Dr. Malinda Maynor Lowery, Cahoon Professor of American History, recently joined Senior Vice President of Advancement Josh Newton for an edition of his series Walk & Talk with Josh Newton. Lowery, a member of the Lumbee Tribe of North Carolina and a historian of Native America, discusses her work as a scholar, teacher, documentary filmmaker, and tribal community member. Since coming to Emory from UNC-Chapel Hill in 2021, Lowery has been instrumental in facilitating Emory’s reckoning with practices of dispossession and colonialism, including by helping to craft the university’s Land Acknowledgement and creating a deep, reciprocal partnership with the College of the Muscogee (Creek) Nation. Lowery will lead Emory’s new Center for Native American and Indigenous Studies, set to launch in the 2023-24 academic year. Watch her conversation with Newton, which also includes discussion of what drew her to the History Department, here: “Understanding the present begins in the past.”
Sixth-year doctoral candidate Robert Billups, who is currently the 2023–2024 Ambrose Monell Foundation Funded National Fellow in Technology and Democracy for the Jefferson Scholars Foundation in Charlottesville, Virginia, recently authored a reflection about his research on the global dimensions of anti-semitism for Emory’s Tam Institute for Jewish Studies (TIJS). Billups recounts how a story heard in his childhood home of Meridian, Mississippi, about the attempted bombing of a local temple led him to research in Emory’s archives and, ultimately, to discern links between anti-Black racial violence and anti-semitism among right-wing extremists. Billups realized those links had global dimensions, as well, and secured financial support from the TIJS to conduct research abroad. With the counsel and support of Dr. Jeffrey Lesser, Samuel Candler Dobbs Professor of History, Billups chose to pursue his inquiry in the British Foreign Office in London, which contained mid-20th century records from officials in British consulates and embassies around the world worried about the resurgence of fascism and antisemitism. Read Billups’ full reflection here: “Graduate Student Researches Antisemitism at the British Archives.”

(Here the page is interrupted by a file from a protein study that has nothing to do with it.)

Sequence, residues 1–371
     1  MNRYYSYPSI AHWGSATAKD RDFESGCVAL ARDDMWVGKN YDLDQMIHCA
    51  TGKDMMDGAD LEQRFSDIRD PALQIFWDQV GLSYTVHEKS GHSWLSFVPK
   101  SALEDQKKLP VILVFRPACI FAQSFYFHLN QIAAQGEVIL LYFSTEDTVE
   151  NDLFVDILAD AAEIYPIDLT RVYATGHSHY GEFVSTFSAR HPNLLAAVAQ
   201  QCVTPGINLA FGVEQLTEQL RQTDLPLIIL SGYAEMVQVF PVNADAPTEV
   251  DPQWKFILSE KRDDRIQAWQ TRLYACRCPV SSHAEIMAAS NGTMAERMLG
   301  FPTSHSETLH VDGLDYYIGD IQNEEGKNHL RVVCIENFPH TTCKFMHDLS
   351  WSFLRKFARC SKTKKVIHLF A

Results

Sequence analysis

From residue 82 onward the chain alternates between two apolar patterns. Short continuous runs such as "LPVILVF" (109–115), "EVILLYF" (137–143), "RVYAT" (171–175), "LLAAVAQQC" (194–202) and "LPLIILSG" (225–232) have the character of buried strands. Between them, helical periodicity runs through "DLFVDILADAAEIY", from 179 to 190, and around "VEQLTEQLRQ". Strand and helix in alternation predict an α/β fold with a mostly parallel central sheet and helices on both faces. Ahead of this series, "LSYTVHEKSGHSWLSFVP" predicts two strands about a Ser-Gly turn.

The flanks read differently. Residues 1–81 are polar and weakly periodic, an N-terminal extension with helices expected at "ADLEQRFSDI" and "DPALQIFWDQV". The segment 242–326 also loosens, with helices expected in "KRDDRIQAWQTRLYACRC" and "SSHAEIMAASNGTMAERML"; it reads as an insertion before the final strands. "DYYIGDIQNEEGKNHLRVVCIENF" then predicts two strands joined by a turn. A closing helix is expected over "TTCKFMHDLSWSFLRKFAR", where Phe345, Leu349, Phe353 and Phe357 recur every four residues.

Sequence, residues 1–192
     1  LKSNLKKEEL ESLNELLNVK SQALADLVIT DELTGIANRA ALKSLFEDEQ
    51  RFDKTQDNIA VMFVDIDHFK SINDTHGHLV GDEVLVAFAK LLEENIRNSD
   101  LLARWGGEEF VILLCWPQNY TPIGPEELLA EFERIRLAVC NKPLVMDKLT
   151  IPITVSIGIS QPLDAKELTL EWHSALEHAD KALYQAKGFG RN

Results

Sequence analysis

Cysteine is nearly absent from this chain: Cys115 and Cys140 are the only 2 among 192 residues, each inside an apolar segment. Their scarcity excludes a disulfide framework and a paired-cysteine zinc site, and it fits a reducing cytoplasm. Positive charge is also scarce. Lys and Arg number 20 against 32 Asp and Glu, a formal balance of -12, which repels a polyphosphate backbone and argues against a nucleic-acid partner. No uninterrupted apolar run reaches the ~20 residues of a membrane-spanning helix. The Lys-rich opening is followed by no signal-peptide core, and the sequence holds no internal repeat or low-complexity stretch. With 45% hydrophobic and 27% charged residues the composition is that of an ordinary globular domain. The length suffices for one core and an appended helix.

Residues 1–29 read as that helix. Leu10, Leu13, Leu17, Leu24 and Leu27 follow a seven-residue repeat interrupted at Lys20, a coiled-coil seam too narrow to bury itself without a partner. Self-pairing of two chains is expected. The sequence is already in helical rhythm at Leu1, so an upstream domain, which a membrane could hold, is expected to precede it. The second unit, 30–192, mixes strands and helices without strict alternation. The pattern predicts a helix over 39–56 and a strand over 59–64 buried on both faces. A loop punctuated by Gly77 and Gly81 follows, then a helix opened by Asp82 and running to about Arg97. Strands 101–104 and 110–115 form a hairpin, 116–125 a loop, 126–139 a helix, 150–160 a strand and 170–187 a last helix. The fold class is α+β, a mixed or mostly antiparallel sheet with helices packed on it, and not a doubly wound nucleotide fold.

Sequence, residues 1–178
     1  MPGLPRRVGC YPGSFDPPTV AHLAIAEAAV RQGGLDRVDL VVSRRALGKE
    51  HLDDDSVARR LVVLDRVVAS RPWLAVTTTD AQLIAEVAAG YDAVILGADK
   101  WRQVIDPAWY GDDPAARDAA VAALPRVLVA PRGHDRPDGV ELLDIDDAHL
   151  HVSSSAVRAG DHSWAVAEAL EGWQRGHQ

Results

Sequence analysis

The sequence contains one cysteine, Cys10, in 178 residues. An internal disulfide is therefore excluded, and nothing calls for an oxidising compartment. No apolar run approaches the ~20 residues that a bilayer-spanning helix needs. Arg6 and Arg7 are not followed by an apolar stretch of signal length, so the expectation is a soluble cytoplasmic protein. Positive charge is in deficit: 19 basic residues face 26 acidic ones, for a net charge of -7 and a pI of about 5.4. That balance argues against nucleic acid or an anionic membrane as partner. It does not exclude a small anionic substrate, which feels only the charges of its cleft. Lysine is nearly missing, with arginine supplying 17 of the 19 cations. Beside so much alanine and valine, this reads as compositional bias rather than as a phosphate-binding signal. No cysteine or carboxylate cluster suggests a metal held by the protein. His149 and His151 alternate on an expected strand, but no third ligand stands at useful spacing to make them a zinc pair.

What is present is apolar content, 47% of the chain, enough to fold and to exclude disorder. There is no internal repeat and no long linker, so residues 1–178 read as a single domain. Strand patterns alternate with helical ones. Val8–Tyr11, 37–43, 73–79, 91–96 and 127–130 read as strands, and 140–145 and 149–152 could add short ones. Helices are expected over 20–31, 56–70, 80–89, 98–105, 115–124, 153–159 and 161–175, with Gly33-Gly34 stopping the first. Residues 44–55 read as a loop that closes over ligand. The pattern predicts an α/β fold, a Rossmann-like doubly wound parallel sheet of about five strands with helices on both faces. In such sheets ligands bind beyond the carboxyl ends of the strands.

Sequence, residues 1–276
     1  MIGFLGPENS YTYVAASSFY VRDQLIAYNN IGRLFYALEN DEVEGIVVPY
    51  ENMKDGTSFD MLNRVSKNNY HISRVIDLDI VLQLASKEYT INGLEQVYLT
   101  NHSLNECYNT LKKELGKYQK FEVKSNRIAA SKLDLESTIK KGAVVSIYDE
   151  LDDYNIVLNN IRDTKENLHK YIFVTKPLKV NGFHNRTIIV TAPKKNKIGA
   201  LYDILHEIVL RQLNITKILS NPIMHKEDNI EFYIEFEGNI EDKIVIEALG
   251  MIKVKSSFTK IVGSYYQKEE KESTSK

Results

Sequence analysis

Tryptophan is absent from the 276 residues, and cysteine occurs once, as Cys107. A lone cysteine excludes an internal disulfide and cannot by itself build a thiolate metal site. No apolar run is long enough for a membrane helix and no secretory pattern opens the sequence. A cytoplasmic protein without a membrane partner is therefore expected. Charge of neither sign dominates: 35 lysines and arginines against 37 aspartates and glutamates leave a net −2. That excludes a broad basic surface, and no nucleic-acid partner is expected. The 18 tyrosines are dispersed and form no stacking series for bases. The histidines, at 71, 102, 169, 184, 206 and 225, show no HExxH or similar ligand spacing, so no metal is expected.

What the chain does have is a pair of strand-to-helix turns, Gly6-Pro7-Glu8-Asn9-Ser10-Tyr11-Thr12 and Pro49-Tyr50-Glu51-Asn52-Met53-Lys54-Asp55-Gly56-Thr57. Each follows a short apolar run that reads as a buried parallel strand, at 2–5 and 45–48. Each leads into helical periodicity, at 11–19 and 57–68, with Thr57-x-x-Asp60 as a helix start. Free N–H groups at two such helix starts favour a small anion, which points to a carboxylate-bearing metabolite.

Kheyal Roy-Meighoo, a 2023 Emory College graduate who completed double majors in History and Film and Media, received a Fulbright Open Study/Research fellowship to pursue a master’s degree in animation at the Arts University Bournemouth. Roy-Meighoo works at the intersection of social justice and film, and, as her Fulbright profile notes, “she has made it her mission to think critically about diversity through art, discover new forms of storytelling through animation, and uncover histories that have not yet been told.” For her master’s thesis, Roy-Meighoo plans to produce a stop motion animated film about identity, loss, and resilience in the Asian diaspora through the narrative arc of a young girl watching her grandmother cook. Roy-Meighoo was also the recipient of the 2022 Loren & Gail Starr Award in Experiential Learning for a short animated film, titled “Backwards,” about the historical connections between the Covid-19 pandemic and Asian exclusion laws. Roy-Meighoo is Emory’s first recipient of the Open Study/Research Fulbright fellowship to the UK.
Dr. Alexander M. Cors, a 2022 alumnus of the history doctoral program and currently Digital Scholarship Specialist at Emory’s Center for Digital Scholarship, recently won the 2022 William Nelson Cromwell Prize from the American Society for Legal History. Cors’ dissertation, “Newcomers and New Borders: Migration, Settlement, and Conflict over Land along the Mississippi River, 1750-1820,” was advised by Drs. Yanna Yannakakis, Jeffrey Lesser, Adriana Chira, Malinda Maynor Lowery, and Paul Conrad (UT Arlington). The annually-awarded Cromwell prize recognizes the best dissertation in American legal history completed in the past year. View one of the maps that Cors produced for the project, described by the prize committee as “things of beauty,” along with the committee’s full citation below.